Math 328:Coding Theory and Cryptography, Spring 2024

Instructor: Noah Aydin
Office/Phone
: RBH 319, 5674
Office/Student Hours
: MWF: 9:10-10am; TR: 9:40-11am and by appointment.
Here is my weekly schedule . Look at my schedule and request an appoint by email if you need to see me outside regular student (office) hours. I'm usually available during the white slots.
Room & Time
: RBH 311, TR: 1:10-2:30 pm
Textbooks:
1) Coding Theory and Cryptography The Essentials, D. R. Hankerson et al., 2nd ed, revised and expanded, Marcel Dekker. 2) Introduction to Cryptography with Coding Theory, W. Trappe and L. C. Washington. 3rd ed, Pearson. Moodle Page for the Course, Google Drive Folder with Resources

Course Description: The theory of error-correcting codes and cryptography are recent applications of algebra and discrete mathematics to information and communications systems. Students will learn the basic ideas of coding theory and cryptography, understand their mathematical foundations, and learn how mathematical tools can be used to devise useful error correcting codes and cryptographic systems. Since ideas from computational complexity theory are essential for cryptography, we will discuss basic principles of computational complexity as well. While coding theory is concerned with the reliability of communication, the main problem of cryptography is the security and privacy of communication. Applications of coding theory range from enabling the clear transmission of pictures from distant planets to quality of sound in compact disks and wireless communication. Cryptography is a key aspect of electronic security systems. With the ever increasing role of digital communication, online transactions, and general dependence on electronic systems in modern life, the importance these fields grows each day. A selection of topics from these two disciplines will be discussed including basics of block coding, linear codes, Hamming codes, cyclic codes, BCH codes, symmetric-key and public-key cryptography and digital signatures. Other topics may be included depending on the availability of time and the background and interests of the students. Each student will write a final research paper in a topic of their choice and present it to the class. Other than some basic linear algebra, the necessary mathematical background (mostly abstract algebra) will be covered within the course. Active learning methods will be used throughout the semester.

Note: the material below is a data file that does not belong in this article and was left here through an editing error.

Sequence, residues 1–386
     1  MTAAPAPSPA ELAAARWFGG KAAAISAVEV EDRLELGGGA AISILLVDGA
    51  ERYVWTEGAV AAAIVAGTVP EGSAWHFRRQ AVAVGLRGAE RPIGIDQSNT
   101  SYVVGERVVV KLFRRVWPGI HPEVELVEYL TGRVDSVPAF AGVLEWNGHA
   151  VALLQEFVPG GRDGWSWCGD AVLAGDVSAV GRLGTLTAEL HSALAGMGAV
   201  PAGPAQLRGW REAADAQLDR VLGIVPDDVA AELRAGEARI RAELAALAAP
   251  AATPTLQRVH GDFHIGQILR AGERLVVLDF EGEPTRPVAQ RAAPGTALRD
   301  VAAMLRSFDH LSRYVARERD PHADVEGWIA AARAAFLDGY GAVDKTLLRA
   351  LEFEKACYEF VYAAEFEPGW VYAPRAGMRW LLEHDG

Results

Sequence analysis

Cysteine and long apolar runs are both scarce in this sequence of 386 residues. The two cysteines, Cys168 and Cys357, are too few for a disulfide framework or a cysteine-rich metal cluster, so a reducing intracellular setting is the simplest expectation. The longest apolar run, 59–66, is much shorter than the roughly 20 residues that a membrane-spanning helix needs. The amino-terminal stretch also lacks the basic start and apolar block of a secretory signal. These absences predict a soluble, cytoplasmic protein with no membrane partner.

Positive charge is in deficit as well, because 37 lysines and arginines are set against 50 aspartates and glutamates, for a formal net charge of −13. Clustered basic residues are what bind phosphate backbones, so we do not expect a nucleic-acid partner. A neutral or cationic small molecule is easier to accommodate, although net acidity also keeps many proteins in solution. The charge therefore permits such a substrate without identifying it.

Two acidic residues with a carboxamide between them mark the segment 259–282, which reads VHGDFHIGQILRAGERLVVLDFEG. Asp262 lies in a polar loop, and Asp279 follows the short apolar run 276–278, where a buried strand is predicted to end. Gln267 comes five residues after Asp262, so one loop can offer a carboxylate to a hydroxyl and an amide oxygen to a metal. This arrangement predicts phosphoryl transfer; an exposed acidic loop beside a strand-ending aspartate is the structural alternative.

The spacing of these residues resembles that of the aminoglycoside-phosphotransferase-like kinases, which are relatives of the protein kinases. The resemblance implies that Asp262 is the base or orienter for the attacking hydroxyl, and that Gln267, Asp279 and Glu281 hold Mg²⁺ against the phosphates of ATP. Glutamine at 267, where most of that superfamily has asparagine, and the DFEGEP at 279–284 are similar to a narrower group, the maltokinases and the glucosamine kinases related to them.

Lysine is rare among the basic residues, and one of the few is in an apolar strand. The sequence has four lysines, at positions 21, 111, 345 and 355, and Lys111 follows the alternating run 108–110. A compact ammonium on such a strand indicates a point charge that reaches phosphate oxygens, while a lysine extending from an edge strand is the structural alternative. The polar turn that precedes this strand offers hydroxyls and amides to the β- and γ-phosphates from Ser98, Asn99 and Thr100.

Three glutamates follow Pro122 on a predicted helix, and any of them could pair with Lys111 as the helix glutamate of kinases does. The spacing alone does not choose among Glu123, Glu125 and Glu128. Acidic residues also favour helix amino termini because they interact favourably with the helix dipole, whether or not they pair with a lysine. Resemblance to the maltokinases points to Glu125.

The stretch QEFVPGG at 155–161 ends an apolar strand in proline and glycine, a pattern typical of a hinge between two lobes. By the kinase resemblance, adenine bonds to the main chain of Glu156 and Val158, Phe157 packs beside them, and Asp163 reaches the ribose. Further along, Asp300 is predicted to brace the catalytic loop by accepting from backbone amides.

Syllabus